In unadjusted analyses, we found preliminary evidence that the presence of telephone call interruptions and 1 or more prior errors committed by the same nurse during the same shift both increased the odds of committing an error, and that working during a night shift appeared to decrease the odds of error (Table 3).
In multivariable analysis, the estimated error rate when nurses were uninterrupted by telephone calls significantly differed by time of day, with a rate of 3.4% (95% CI, 3.2%-3.6%) during the day shift and 2.8% (95% CI, 2.6%-2.9%) during the night shift (P < .001 for the contrast). However, odds ratios (ORs) for error when telephone interruptions occurred were greater during the night shift than during the day shift and greater with less experienced nurses than with more experienced ones (Table 4). During the day shift, the OR for error when nurses were interrupted by calls (compared with uninterrupted) was 1.02 (95% CI, 0.92-1.13; P = .73) among nurses with 6 months or more of experience and 1.22 (95% CI, 1.00-1.47; P = .046) among nurses with less than 6 months of experience. During the night shift, the OR for error when nurses were interrupted by calls was 1.35 (95% CI, 1.16-1.57; P < .001) among nurses with 6 months or more of experience and 1.53 (95% CI, 1.16-2.03; P = .003) among nurses with less than 6 months of experience. The differential effects of these exposure conditions on the association between telephone interruptions and errors resulted in similar estimated error rates of 3.7% (95% CI, 3.3%-4.0%) during the day shift and 3.8% (95% CI, 3.3%-4.3%) during the night shift (P = .57 for the contrast). Nurses administering medications to 1 or more patients receiving mechanical ventilation and arterial catheterization while caring for at least 1 other patient had an increased risk of error (OR, 1.21; 95% CI, 1.03-1.42; P = .02). Incoming text messages were not associated with error (OR, 0.97; 95% CI, 0.92-1.02; P = .22).
Predicted probabilities of committing medication administration errors in different subgroups of nurses are shown in Table 5, with the main contrast being the presence or absence of a telephone interruption.
Design effects ranged from 1.05 to 2.09 for all the variables in the logistic model, indicating that individual nurses’ personal error rates sometimes varied more than one would expect at random and that data clustering at the level of the nurse was appropriate. In sensitivity analyses, we observed stability of the odds ratio point estimate direction and approximate magnitude (eTable 3 in the Supplement).
The results of our study suggest that interruptions due to incoming telephone calls were temporally associated with nurses’ errors during the medication administration process. Given the very low frequency of reported medication administration errors, this finding was attributable almost entirely to BCMA system alerts. Our main findings included the following: (1) telephone call interruptions were associated with significantly increased odds of committing errors; (2) although the overall baseline error rate without interruptions was lower during the night shift than during the day shift, the increase associated with telephone interruptions was greater at night, especially among less experienced nurses; (3) the nurse to patient ratio was important in the context of the level of patient care, with the highest risk among nurses caring for 2 or more patients and administering medications to patients with mechanical ventilation and an arterial catheter; and (4) text message interruptions were not associated with errors, possibly because text messages do not require immediate response or because nurses have adapted to their frequent occurrence (they preceded nearly half of all medication administration attempts).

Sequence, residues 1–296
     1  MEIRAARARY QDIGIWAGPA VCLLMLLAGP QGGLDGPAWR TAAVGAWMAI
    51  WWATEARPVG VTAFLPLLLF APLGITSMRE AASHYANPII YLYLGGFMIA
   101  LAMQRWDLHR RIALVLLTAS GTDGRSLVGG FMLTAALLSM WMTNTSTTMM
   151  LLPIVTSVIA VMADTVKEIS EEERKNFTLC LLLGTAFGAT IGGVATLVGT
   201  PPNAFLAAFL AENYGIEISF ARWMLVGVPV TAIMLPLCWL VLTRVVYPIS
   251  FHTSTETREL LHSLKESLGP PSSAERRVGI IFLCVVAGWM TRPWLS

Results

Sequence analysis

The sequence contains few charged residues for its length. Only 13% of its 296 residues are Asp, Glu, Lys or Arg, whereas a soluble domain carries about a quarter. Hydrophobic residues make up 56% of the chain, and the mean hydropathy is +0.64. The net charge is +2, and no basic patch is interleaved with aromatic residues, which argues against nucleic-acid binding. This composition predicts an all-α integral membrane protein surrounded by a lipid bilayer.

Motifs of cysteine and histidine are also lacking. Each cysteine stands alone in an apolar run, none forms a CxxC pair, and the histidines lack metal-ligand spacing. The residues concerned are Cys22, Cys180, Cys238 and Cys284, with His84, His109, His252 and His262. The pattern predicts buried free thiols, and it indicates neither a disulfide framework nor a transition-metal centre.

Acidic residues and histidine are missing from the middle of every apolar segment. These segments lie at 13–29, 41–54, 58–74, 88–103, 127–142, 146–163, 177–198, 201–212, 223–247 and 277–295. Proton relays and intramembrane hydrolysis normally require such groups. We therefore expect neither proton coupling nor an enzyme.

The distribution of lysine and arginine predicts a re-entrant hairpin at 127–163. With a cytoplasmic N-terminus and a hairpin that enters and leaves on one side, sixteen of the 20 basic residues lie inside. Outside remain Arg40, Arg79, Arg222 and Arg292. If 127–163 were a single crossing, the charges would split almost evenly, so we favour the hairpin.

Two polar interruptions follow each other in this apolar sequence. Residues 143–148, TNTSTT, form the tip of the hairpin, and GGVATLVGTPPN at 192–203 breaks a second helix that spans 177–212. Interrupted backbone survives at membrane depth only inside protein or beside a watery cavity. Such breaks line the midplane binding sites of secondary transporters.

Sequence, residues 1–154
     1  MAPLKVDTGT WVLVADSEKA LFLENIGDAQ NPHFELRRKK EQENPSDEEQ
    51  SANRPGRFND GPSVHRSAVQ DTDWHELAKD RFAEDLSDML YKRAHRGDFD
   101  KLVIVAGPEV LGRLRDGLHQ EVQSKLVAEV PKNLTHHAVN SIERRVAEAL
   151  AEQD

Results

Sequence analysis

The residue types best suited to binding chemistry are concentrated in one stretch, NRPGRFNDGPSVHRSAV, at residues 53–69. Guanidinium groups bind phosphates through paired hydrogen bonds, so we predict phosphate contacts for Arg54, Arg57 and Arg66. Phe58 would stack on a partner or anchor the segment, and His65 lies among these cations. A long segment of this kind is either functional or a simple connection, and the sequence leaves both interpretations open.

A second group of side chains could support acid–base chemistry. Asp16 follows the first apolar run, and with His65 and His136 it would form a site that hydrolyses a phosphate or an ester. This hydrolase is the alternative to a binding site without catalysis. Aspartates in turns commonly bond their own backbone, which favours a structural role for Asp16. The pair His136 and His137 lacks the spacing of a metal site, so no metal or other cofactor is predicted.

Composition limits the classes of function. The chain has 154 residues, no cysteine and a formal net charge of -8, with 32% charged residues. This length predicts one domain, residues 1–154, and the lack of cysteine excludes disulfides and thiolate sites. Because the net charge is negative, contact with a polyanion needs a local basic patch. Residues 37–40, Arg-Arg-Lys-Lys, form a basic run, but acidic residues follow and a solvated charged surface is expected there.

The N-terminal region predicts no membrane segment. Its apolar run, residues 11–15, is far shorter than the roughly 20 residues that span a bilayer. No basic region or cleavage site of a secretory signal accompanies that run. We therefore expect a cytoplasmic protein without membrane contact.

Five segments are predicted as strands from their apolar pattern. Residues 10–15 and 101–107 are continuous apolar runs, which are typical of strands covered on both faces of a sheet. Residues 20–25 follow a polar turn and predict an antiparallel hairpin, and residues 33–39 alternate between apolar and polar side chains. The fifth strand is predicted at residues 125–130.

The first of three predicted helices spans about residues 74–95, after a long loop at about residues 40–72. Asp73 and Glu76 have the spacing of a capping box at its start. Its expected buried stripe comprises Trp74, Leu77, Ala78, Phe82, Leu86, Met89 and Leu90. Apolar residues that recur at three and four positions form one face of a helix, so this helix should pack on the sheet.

Interruptions previously were shown to be associated with medication errors. In a large, direct observation study of 98 nurses on Australian hospital wards administering more than 4000 medications, Westbrook and colleagues1 found associations between interruptions and observed procedural failures and clinical errors. In their study, the observed baseline procedural failure rate was high at 72.3%, increasing to 82.1% with 1 interruption. Their baseline clinical error rate was also high at 36.1%, increasing to 43.5% with 1 interruption. Major errors similar to the primary outcome in our study, such as attempting to administer an unordered drug, occurred in 2.1% of administrations, increasing to 2.8% when 1 interruption occurred. Our results, obtained by using a large data set instead of direct observation, appear similar to the major error results in their study.
We did not aim to validate our method in comparison with direct observation for several reasons. First, direct observation is not a criterion standard for assessing medication administration errors. A composite measure combining nurses’ reports, patients’ reports, reports from third-party in-person observers (or discreet video recordings reviewed later by expert observers), and EHR data would likely be required to achieve a definitive assessment. Second, if we are to solve the problems that many observers suspect are caused by interruptions, we need more efficient, less costly, and more easily reproducible methods for measuring interruptions and outcomes over time. Electronic health record–based approaches to studying the association between interruptions and errors have the potential to offset the need for trained observers. These approaches also eliminate any potential Hawthorne-like effects, although the existence of these effects in direct clinical observation has been questioned.18 Later, when interventions are put into place to reduce interruptions and the results of the interventions must be measured, EHR-based approaches offer relative efficiency for measuring the same outcomes in the same way, over and over again.